Screen from Wadjda (Courtesy of Koch Media)

Just saw a movie you might have heard about, Wadjda, the first by a female director/writer in Saudi Arabia, and it’s great—and not just for its cultural, political, historical element, or its amazing and brave feminist theme for that country. The writing, directing, acting and cinematography are all terrific.

I happened to see it at a nearby art house, but it also showed last week at the local mall—so look for it in your area.  Here’s one review. It has a rare 100 percent favorable rating from critics as assembled by Rotten Tomatoes.

You may have seen the director, Haifaa al-Mansour, on The Daily Show last month, talking about  needing to shoot some of the street scenes while giving directions from a van, as she would not have been allowed to do that in the open. The film itself is a humanist, feminist gem mainly about a young girl’s attempt to buy and ride a bike (very frowned on for females there). That part of the story is quirky and often humorous, although also quite revealing.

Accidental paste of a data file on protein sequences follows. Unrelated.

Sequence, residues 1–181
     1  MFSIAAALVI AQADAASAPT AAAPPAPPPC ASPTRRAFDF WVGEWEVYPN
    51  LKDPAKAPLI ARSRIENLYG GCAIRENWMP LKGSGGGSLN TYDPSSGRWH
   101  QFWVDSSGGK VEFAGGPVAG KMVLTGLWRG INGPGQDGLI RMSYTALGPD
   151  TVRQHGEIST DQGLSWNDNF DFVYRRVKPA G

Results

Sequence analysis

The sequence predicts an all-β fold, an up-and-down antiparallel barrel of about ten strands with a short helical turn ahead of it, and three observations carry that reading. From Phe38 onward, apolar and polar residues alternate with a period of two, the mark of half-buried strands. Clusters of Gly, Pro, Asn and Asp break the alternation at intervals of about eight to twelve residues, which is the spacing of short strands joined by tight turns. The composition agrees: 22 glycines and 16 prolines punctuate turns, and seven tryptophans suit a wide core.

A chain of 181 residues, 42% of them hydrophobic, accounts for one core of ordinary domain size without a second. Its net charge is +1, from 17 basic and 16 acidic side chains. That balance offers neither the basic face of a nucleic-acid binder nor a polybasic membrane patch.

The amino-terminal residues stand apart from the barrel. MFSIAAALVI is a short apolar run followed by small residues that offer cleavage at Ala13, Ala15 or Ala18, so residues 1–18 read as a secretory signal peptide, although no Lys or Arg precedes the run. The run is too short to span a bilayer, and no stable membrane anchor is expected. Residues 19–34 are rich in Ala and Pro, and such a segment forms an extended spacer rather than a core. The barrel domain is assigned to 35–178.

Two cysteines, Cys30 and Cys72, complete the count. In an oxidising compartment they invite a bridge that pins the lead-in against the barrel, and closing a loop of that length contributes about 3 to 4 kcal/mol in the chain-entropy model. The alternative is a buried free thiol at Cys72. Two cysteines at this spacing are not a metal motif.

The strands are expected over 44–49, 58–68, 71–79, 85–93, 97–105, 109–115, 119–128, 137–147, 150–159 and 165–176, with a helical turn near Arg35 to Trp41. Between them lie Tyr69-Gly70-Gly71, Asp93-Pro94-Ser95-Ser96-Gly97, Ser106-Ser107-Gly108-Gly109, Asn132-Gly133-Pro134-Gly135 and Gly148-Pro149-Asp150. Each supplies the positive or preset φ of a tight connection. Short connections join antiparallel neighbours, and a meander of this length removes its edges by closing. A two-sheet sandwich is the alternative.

But Wadjda also focuses on her mom’s losing her husband to a second wife (partly because she cannot provide him a son).  Another problem for mom: Since she’s not allowed to drive, she needs to rely on an abusive driver for a long commute. A friend urges that she join her in working at a local hospital, but she says her husband would never allow her to work where other men would look at her.

And a final miracle—the Saudis have picked it as their entry for the Foreign Language Academy Award. Even though, last I checked, it was not allowed to be shown widely in their country.  Apparently pride in its accomplishment for the national cinema outweighs the controversy over its social criticism, as least in the Oscar derby.  It surely deserves a nomination. Trailer:

Note: When I posted a brief tribute to the movie at my blog, one commenter offered this view:

Well, It is a step forward, but re-considering the matter, we have to admit that the director Haifa is not “the usual Saudi woman”. She is unveiled, married to an American diplomat, lives in Bahrain (within the security of US embassy where her husband works) and not in Saudi Arabia. Yet, this is great. I have always said that Saudi Arabia will be liberated by its women. Looking forward to see what will happen on 25 Oct. when some brave Saudi women will challenge the car driving taboo.

Katha Pollitt writes about the imprisonment of prominent female Saudi human rights activist Wajeha Al-Huwaider earlier this year.